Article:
Manhertz was greeted by the smiling face of Frances Hall, the founder who also serves as an instructor. Last week, Hall was having a rough day. Then Manhertz called and everything changed.

“We were getting calls from young men who were calling saying they wanted to come to the school. We were trying to figure out, ‘How do we do this? How do we continue to finance these young people that are actually showing an interest of getting a trade so they can be on a path and get a career?’ I was getting so frustrated,” Hall said. “I bowed my head and I said, ‘God, please help us. Give us some kind of sign that we are on the right path – that we’re doing what you want us to do.’

“Then the call came in and when (Chris) started talking I could barely speak. The tears. It was just, like, joy. We are on the right path and there is someone out there noticing what we’re doing.”

BOLT


On the steps of Bank of America Stadium, wide receiver Torrey Smith addressed the media along with representatives from Cops & Barbers and Project BOLT.

“BOLT stands for ‘Building Outstanding Lives Together,’” founder Gemini Boyd said.

Those words encapsulated the day.

“The same way the community supports us on the field,” Smith said, “it’s our responsibility to support them off the field.”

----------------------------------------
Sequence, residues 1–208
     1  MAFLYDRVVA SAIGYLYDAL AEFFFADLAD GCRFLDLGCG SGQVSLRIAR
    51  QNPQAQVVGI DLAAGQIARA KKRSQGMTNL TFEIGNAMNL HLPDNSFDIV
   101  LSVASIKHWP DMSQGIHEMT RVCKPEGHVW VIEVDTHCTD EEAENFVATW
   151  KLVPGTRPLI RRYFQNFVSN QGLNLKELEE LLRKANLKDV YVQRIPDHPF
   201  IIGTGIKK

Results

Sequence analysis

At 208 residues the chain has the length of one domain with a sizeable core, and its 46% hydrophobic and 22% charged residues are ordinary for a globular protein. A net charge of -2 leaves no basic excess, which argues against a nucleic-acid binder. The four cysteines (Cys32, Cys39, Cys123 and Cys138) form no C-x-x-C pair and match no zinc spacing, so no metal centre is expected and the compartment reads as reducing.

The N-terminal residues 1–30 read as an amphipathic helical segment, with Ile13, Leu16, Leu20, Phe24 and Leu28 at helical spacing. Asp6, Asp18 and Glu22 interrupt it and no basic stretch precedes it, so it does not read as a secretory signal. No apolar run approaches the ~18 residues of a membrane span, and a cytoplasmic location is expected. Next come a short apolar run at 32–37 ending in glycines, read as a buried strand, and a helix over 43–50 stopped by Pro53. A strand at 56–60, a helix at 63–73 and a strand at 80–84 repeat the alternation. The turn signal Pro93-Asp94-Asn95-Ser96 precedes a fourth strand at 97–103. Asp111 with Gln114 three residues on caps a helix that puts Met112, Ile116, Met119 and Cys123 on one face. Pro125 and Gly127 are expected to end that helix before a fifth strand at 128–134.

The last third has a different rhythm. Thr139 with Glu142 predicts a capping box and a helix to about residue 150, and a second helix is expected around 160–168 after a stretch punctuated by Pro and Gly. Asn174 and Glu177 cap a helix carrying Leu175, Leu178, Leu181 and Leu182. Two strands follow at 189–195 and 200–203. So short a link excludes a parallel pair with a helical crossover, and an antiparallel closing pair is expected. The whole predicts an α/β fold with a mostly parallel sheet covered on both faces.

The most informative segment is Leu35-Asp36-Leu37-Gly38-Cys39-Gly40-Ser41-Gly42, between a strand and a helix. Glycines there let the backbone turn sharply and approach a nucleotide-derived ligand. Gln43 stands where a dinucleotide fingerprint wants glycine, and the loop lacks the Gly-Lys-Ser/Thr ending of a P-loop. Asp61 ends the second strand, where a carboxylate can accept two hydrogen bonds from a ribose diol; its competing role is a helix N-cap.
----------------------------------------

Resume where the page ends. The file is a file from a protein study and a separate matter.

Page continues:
Smith continued: “You can’t talk about this day and not mention Colin Kaepernick. I know people kind of want him to go away, but the reality is we wouldn’t be standing here if he had never decided to take a knee.”

Moments earlier, Smith along with teammates Cam Newton and DJ Moore presented Boyd with a $10,000 check and Cops & Barbers executive director Shaun Corbett with a check for $15,000.

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“We’re very grateful to the Carolina Panthers,” said Corbett, whose organization provides educational opportunities for aspiring young barbers while also fostering relationships between them and police officers in training. “Because working directly in the inner city, these professional athletes have a great impact on their lives. They look up to these guys.

“This is a great thing and a great step forward.”

Boyd founded Project BOLT while serving a 20-year sentence in federal prison, aiming to respond to what he was seeing behind bars – an increasingly young prison population.

Last summer when Smith was new to Charlotte and the Panthers, Smith attended a community forum that included Boyd and became interested in his work.

“I’m so grateful that I met Torrey. Ever since I met him, there’s been nothing but love and respect from both sides,” Boyd said. “He has not been the NFL player; he’s been someone that’s genuine. He recognizes that we're all humans in this struggle and fight.

“I’d like to thank the Panthers organization for recognizing that I am in the streets trying to fight for everything that’s going on, especially to marginalized individuals.”

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With the relationship between police and the public more important than ever, Kuechly represented the player committee and had plenty of company to help him deliver funds to a pair of organizations focused on those relationships.